Contents


Overview

Skill Level: Intermediate

You need to have some level of confidence plugging cables from the Pi GPIO header to the card reader pin header, and in using the commandline to control your Pi

Details how to connect an RC522 MiFare card read to your Raspberry Pi 3, using NodeRed and a small Python script, and feed the card IDs to Watson IoT Platform.

Ingredients

Raspberry Pi 3 (may work on other Pis - not tested) with Raspbian Jessie

RC522 MiFare card reader (includes PCB antenna) with SPI interface (e.g. found on ebay) with soldered-on pin header - I had to solder this on myself but some vendors appear to offer these pre-soldered

1+ MiFare RFID card/tag (often available with the RC522 card reader board - mine came with one of each)

7x female-female jumper cable - preferably in flat strip form - 10cm long, to connect the RC522 to your Pi (e.g. found on ebay)

Optional - with a bit of 'knife and fork' hobbyist work, and shortening the jumper cables, it should be possible to fit the RC522 card reader PCB into the lid of a case such as THIS to make a more handleable unit (rather than have the card dangling on the end of the wires)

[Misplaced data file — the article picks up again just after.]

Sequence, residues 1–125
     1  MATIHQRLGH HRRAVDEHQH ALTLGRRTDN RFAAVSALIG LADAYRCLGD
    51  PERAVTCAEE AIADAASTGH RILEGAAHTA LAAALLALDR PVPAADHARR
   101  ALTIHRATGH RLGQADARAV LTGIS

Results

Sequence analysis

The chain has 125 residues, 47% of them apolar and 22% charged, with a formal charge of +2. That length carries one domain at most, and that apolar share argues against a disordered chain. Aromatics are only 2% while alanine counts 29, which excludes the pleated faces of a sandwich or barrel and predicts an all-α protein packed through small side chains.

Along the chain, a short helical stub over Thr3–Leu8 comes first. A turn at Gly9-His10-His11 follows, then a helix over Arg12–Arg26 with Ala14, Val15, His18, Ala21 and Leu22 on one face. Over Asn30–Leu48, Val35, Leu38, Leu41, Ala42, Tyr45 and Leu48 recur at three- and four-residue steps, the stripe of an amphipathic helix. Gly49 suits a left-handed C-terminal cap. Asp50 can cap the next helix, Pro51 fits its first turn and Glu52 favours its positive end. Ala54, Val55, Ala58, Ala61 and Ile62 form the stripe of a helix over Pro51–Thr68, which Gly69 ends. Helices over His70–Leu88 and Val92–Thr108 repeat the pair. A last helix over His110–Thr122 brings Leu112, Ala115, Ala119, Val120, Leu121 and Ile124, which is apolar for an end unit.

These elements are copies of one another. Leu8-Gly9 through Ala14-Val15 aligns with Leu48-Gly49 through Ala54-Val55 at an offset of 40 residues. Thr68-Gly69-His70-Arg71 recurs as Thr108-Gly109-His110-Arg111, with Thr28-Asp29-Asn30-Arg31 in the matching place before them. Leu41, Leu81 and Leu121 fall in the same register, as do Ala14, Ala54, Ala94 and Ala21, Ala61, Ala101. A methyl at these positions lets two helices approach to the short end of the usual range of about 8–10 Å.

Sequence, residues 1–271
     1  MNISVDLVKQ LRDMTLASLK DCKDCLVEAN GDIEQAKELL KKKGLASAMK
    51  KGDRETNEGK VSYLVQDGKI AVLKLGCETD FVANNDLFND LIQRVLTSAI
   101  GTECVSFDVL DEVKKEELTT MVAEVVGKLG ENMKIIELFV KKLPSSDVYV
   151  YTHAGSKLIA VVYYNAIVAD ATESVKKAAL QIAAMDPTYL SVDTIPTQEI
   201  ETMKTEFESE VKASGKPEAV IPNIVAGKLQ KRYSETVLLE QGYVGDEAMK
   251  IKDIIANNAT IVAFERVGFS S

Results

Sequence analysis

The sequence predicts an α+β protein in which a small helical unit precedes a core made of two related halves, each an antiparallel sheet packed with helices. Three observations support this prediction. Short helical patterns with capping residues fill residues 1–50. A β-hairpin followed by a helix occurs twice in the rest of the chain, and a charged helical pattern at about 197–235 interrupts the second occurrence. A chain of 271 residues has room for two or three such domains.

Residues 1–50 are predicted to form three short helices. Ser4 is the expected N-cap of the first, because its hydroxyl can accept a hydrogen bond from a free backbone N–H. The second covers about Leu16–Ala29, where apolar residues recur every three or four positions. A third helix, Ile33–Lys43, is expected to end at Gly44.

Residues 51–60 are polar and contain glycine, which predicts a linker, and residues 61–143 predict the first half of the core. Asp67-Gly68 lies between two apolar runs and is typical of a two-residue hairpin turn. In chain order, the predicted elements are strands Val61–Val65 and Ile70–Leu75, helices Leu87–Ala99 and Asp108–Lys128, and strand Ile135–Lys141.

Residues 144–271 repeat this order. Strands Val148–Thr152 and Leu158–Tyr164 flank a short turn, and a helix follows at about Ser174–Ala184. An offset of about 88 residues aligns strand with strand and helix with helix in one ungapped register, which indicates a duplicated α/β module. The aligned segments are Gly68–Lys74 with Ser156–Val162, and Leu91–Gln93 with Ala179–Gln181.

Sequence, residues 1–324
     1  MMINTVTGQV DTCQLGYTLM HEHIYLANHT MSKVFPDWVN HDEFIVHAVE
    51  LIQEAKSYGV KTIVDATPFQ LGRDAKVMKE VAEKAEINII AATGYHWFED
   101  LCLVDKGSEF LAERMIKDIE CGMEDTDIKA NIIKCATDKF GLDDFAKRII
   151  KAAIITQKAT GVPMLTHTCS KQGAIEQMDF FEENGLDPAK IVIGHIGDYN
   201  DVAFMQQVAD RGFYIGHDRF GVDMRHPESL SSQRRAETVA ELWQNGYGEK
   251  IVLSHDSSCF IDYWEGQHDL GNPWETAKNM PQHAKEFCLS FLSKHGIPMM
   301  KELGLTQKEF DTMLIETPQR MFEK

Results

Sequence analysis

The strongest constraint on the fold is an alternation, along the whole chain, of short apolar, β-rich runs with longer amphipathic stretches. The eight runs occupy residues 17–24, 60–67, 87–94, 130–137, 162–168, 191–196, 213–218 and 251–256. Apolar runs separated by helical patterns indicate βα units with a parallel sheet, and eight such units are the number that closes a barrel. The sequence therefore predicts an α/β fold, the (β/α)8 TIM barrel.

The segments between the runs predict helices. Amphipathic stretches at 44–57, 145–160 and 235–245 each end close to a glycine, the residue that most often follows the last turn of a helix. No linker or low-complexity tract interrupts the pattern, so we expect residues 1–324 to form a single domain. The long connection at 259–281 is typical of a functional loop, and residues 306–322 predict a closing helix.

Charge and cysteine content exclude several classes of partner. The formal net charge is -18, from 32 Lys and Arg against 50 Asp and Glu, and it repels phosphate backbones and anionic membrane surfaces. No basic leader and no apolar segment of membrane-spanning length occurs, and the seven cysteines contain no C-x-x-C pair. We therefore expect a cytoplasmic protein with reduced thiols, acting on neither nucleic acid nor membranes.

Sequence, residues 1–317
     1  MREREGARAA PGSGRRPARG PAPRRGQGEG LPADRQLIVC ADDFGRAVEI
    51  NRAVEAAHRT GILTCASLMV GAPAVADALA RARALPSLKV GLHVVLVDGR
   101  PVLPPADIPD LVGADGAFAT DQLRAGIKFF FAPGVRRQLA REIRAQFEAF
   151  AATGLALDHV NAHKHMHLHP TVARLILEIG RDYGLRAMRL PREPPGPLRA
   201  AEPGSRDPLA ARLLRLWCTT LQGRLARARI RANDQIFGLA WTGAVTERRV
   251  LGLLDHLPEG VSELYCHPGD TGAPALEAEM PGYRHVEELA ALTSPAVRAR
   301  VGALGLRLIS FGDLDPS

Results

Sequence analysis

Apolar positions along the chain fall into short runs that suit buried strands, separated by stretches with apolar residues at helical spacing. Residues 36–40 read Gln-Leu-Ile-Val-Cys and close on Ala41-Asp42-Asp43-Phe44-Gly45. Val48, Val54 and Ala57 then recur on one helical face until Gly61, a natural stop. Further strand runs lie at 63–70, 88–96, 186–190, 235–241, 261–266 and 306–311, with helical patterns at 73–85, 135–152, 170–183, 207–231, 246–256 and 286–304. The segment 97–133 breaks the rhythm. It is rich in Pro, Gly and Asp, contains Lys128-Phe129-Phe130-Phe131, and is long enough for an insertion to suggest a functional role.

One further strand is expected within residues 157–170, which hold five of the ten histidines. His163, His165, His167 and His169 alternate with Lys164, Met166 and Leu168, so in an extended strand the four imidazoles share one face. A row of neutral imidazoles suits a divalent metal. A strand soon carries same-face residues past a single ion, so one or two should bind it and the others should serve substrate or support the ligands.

Step-by-step

  1. Introduction and Overview

    In this recipe you will learn how to attach an RFID reader to your Pi and send tag information to Watson IoT Platform.

    The reader is attached to the GPIO pins of the Pi and interfaces using a peripheral called the SPI. A python script is used to read card IDs – this is called by a Node-RED “Daemon” node to push the card data into Node-RED, and your flow in Node-RED will send the data to IoT Platform using the Pi as a gateway.

    Many of the principles used here can be applied to interfacing other peripherals into IoT Platform – in particular, the Daemon node can run any script and process its output into a Node-RED flow, and python is widely used on Pi for interfacing and data processing.

    The following sections will take you through the recipe in baby steps, making sure that each part is working before moving onto more complex steps.

    2. Connect the RC522 card reader to your Pi 3

    3. Install needed software on your Pi 3

    4. Test your card reader and RFID tag from the commandline

    5. Create a NodeRed flow on the Pi to read your RFID tag

    6. Prepare your IoT Platform application to receive the RFID tag data

    7. Complete your Node-RED flow so it sends RFID tag data to IoT Platform